Let it be

Winterizing your garden with its winter inhabitants in mind.

When I was a child in Wisconsin, we could see the snow swirling like waves over the bare surface of Harvey Prinsen’s field. It had a certain beauty but it also meant cold. Drifting snow is a common part of almost any Canadian winter.

Things are different in the Bulkley Valley of B.C. We have a long winter; this year it’s been a cold one, too (-40 C. one night). But we don’t usually experience drifting snow. In our climate, Portia would have had to say that mercy “falleth as the gentle snow from heaven.” Like these two photographs depict. And sometimes the snow-caps stay like this for weeks – no nasty winds to blow the snow into drifts.

Woody debris

Drifting snow can be hard on people. It is hard on soil: wind and snow strip fall-ploughed topsoil from agricultural fields. Any snow, but especially drifting snow, is hard on many birds and certain small mammals.

Here’s what I do to help winter birds and small mammals survive. I don’t completely “put my garden to bed” for the winter. I intentionally leave asparagus stalks, raspberry canes (I usually prune in the spring) and other debris standing in the garden. It has to be woody debris to withstand the snow and whatever wind we get.

In the perennial flower beds, I leave most of the stalks standing. When I first started growing perennials in a big way, I asked my friend and master gardener Teryl Schopfer if I should cut down all the dead stalks. “Oh, I just leave them,” she said. “In the spring, when they are dry, when the snow is gone, you can just knock them off with a rake. Besides, I love the looks of all the different types of stalks and seed heads: they texturize the snowy scene and make wonderful snow shadows.” And, I might add, if you have drifting snow, dead plant stalks trap it to form a snow mulch for your perennials.

Both perennial plant seeds and annuals provide food. Cosmos seeds are superb winter fare for seed-eaters, as are sunflowers, black-eyed susans, echinops, coreopsis, coneflowers and zinnias. The odd ear of corn provides food, too. My favourite let-stand plant is hemp. We’re talking industrial hemp here, not the stuff some folks smoke or bake with. I grow hemp for the male pollen which delights bees, domestic and wild. And I harvest some seed for chick food; it’s high in fat and protein. I also like the smell, which is not an acquired taste, you might say.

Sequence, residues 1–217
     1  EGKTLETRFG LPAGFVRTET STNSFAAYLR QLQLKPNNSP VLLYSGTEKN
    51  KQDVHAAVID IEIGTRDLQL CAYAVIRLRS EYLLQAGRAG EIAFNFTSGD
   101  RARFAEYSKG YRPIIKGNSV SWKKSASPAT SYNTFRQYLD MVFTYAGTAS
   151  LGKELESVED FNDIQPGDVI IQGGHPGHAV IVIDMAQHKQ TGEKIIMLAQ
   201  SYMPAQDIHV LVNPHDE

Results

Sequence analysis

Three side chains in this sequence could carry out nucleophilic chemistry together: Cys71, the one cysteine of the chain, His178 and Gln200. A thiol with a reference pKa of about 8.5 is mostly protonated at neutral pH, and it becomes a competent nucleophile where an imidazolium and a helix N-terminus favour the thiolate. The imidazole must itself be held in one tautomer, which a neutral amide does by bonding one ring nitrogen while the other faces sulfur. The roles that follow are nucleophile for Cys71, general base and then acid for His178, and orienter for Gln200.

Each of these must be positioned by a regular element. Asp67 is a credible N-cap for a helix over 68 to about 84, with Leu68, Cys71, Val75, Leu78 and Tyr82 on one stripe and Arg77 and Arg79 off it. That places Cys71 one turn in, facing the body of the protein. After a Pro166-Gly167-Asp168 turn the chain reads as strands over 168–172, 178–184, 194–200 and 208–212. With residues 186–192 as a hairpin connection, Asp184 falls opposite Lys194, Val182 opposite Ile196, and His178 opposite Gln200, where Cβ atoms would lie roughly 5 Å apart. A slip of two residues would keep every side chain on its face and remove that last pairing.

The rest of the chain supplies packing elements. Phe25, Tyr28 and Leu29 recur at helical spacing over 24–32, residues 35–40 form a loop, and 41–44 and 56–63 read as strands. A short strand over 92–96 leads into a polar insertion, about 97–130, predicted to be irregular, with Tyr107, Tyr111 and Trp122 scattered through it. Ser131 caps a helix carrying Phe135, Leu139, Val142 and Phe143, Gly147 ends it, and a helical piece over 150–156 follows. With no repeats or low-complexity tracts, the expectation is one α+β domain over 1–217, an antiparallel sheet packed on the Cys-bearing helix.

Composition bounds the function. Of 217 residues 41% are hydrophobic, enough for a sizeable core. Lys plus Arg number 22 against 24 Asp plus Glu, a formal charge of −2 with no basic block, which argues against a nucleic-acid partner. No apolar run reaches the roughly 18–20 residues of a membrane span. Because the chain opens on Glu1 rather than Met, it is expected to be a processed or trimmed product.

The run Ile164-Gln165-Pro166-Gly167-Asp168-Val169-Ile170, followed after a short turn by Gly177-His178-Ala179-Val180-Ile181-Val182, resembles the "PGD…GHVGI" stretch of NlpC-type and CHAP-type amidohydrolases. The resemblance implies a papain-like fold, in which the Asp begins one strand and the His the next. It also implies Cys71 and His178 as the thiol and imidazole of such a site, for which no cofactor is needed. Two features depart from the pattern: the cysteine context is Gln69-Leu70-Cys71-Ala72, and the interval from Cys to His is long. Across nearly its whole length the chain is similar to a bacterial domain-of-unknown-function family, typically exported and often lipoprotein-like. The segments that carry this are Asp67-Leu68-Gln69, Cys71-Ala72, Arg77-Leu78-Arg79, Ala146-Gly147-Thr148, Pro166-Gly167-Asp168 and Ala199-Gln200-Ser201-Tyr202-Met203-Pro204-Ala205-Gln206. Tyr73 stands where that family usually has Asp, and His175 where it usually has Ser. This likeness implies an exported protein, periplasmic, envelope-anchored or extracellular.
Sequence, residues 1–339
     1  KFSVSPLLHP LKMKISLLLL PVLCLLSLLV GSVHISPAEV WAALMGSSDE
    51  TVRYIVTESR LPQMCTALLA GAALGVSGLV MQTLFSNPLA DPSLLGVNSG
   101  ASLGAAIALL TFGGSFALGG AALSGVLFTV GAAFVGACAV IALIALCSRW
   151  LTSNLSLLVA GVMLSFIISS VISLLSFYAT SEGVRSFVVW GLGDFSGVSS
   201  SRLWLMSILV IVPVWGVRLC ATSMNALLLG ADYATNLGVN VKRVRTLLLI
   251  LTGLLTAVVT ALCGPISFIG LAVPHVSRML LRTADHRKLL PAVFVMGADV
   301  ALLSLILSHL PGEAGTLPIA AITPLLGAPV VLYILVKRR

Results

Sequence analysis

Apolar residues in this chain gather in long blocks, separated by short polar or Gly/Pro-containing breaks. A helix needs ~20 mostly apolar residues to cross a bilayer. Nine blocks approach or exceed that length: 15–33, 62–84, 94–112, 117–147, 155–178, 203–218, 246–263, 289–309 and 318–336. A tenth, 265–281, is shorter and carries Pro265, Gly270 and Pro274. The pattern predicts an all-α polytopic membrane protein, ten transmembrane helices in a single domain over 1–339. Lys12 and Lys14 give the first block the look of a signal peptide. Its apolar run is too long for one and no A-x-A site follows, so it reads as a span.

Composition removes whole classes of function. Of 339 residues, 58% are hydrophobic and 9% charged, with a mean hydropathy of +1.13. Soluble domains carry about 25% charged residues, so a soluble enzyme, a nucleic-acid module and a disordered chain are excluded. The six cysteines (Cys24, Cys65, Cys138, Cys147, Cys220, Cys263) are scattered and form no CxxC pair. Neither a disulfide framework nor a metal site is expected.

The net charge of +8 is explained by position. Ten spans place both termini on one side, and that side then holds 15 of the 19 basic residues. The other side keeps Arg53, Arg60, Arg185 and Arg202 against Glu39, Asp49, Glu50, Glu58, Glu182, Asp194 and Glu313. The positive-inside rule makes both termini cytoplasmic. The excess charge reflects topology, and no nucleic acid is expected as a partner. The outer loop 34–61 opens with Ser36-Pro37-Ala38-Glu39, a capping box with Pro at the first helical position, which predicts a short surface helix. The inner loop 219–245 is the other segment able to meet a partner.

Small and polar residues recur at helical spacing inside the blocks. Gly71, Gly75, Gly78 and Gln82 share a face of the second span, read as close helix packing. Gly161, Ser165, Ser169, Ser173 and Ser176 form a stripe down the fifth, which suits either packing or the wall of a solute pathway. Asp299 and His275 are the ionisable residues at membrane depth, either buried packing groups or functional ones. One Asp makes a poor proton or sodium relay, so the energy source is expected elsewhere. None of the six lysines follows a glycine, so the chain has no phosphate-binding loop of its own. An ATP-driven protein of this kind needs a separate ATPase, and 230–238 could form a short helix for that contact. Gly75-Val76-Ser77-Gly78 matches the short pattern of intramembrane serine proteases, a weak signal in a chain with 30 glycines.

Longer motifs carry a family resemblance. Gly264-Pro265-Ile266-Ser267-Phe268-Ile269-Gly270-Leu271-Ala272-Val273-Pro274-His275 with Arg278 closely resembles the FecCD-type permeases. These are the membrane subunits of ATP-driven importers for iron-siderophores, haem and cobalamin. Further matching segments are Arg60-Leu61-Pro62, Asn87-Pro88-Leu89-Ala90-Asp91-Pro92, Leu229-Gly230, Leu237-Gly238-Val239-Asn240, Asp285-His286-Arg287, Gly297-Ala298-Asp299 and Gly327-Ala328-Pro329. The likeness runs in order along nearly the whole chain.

Hemp stalks are all fibre, it seems. They do not compost easily unless completely shredded or left to weather for several years. In India, I’m told, Sir Albert Howard prepared such fibrous stalks for composting by spreading them out on oxcarts for the hoofs (he probably would have spelled it hooves) to shatter.

(Photo credit: Curt Gesch)

Snow shadows

Hemp doesn’t blow over. It stands tall and proud. In autumn, song sparrows, Lincoln’s sparrows, juncos and even grouse scavenge any seeds that are on the ground. About the time I figure there can’t be any seeds left I discover that chickadees are finding some on the standing grain heads in December. And, like sunflower or corn stalks, they provide a windbreak.

A bare garden may fit your aesthetic taste or philosophic ideal of order, but I’ll take the December chickadees, song sparrows and redpolls amid the dry stalks and snow shadows.

You may have the order: I’ll take the birds, especially the chickadees.


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